Popularising God: Problematic Playfulness in England's Medieval Cycle Plays
England’s medieval Cycle Plays found their power in a paradox: away from the sanctity of the pulpit, in the very secular setting of the village streets, common Bible stories became didactic, emotive and popular. William Tydeman attributes this popularisation of the Cycle Plays to “downmarket” literary and dramatic techniques. Certainly the plays’ popularised representations of God and the Bible are potentially problematic – blasphemous, over-simplified to the point of misrepresentation, or irreverent. However, this casual, secular approach to Bible stories through “playfulness” and simplification affords the medieval Cycle Play a purpose beyond the powers of sermonising. “Playfulness” popularises the cyclic collection of Bible stories describing human life from Creation to Domesday so that medieval audiences may understand the means to live a Christian life.
Much of the successful popularisation of medieval Cycle plays can be attributed to their narrative and performative “playfulness”. There existed no separate category for “drama” in medieval thought: rather, drama fell within “play”, a general category of recreation. In the context of the Cycle plays, “playing” utilised the attitude of recreation to make accessible these already well-known tales. Chester’s Noah encourages a form of playful proto-slapstick in its stage cue, Et dat alapan vita – “[Mrs Noah] gives a lively blow.” The slap Noah receives from his stubborn wife demonstrates the humour frequently associated with “play” and its integral role within the Cycles, despite their commonly sober themes.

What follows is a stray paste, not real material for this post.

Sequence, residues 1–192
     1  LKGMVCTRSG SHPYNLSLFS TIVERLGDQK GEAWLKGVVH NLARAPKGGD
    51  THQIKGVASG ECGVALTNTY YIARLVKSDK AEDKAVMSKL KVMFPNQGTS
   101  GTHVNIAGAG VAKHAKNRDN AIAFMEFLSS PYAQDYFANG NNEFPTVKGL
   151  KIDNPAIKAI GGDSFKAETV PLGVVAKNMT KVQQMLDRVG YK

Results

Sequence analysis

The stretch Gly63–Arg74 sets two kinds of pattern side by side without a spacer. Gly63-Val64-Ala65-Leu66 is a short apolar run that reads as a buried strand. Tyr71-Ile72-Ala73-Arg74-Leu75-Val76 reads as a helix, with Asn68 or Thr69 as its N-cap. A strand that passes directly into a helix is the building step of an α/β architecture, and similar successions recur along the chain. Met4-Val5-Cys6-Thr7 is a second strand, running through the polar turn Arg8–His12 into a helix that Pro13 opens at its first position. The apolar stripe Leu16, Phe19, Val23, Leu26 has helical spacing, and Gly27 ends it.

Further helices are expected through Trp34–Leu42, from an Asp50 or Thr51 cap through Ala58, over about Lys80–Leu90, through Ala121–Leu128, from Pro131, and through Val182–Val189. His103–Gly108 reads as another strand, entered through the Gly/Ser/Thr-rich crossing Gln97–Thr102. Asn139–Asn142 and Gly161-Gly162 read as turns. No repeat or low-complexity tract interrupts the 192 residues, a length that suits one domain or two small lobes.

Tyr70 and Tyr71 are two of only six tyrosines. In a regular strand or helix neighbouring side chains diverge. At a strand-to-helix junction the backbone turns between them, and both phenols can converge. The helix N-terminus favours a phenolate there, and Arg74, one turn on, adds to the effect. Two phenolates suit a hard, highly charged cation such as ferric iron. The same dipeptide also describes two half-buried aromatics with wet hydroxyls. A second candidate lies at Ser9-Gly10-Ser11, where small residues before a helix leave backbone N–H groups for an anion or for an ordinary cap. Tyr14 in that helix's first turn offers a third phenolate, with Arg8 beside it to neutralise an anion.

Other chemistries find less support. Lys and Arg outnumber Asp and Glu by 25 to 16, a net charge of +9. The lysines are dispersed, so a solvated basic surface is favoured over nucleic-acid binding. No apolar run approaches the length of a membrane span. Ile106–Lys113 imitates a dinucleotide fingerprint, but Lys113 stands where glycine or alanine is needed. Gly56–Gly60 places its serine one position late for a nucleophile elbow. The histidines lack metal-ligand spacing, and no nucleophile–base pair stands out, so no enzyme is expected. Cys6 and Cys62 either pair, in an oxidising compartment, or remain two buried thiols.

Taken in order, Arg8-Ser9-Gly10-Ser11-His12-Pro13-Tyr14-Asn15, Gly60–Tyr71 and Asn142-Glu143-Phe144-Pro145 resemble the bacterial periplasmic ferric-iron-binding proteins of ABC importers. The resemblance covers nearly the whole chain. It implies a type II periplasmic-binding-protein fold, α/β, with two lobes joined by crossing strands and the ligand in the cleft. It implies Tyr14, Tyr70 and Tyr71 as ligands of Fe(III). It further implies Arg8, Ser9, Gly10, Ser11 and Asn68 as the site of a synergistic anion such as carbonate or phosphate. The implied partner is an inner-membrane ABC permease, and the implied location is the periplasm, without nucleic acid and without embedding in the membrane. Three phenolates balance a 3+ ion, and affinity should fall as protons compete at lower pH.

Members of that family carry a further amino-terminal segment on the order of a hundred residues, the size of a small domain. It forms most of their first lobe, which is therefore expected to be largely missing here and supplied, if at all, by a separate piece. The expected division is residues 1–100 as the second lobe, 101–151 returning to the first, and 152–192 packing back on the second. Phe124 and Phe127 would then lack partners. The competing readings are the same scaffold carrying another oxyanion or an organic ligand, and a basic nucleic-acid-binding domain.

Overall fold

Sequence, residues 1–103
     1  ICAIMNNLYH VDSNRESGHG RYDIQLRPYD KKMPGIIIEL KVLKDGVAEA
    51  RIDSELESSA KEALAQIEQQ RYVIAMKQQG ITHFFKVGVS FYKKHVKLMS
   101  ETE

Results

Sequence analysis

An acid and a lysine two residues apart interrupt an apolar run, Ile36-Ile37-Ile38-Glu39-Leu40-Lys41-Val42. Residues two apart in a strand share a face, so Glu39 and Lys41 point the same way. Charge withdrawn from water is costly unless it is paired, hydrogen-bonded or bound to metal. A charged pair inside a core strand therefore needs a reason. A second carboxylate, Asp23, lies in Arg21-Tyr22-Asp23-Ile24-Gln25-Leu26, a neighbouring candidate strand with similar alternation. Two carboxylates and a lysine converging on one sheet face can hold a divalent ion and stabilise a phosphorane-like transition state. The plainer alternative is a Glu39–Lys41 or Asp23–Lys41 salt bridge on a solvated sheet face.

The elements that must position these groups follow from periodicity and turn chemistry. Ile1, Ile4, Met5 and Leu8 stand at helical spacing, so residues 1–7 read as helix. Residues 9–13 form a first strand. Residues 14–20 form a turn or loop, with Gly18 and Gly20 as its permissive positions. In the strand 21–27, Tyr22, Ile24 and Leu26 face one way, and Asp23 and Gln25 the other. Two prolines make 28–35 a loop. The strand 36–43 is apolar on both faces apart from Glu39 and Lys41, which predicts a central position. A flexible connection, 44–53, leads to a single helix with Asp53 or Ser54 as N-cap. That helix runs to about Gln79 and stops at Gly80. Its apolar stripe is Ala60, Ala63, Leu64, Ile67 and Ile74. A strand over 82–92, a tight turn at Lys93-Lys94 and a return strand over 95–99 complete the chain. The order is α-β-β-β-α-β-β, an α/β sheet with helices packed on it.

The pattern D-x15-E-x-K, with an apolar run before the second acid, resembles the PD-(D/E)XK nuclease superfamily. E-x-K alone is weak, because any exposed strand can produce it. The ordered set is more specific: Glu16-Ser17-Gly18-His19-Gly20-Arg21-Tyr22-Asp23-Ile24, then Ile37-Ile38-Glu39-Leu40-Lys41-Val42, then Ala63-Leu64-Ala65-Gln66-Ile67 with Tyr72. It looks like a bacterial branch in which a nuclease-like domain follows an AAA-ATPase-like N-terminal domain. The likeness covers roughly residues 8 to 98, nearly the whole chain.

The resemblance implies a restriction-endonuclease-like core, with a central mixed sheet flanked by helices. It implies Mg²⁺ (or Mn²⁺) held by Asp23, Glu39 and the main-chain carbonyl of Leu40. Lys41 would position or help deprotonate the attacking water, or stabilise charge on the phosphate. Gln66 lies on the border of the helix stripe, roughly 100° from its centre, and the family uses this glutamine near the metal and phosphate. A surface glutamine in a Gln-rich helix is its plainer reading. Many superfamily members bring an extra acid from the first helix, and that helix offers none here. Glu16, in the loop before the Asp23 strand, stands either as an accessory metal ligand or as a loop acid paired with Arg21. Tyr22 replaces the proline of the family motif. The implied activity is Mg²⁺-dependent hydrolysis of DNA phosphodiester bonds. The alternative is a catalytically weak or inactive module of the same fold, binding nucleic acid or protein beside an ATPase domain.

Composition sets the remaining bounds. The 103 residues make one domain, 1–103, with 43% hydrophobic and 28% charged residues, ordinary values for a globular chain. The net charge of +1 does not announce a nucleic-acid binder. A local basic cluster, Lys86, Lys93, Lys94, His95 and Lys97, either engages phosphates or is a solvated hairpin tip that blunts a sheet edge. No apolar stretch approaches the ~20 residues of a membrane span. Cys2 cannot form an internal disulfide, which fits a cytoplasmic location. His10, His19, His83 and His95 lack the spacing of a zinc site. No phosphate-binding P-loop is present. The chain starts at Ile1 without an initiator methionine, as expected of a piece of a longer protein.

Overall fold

Playful episodes were also often interwoven with converse solemnity. Tony Harrison’s adaptation of The Nativity captures well the juxtaposition of humour with the more serious message of the play.  At the cradle of baby Jesus, the Shepherds’ humourous offerings of “a bob of cherries” and a ball to “go to the tennis” are offset by the solemn reverence displayed by the three Kings: “I hope without dread today / To see that child and his array.” The humour of “play” establishes the audience’s interest, thus enabling the true solemn message of the scene to permeate the collective audience conscience.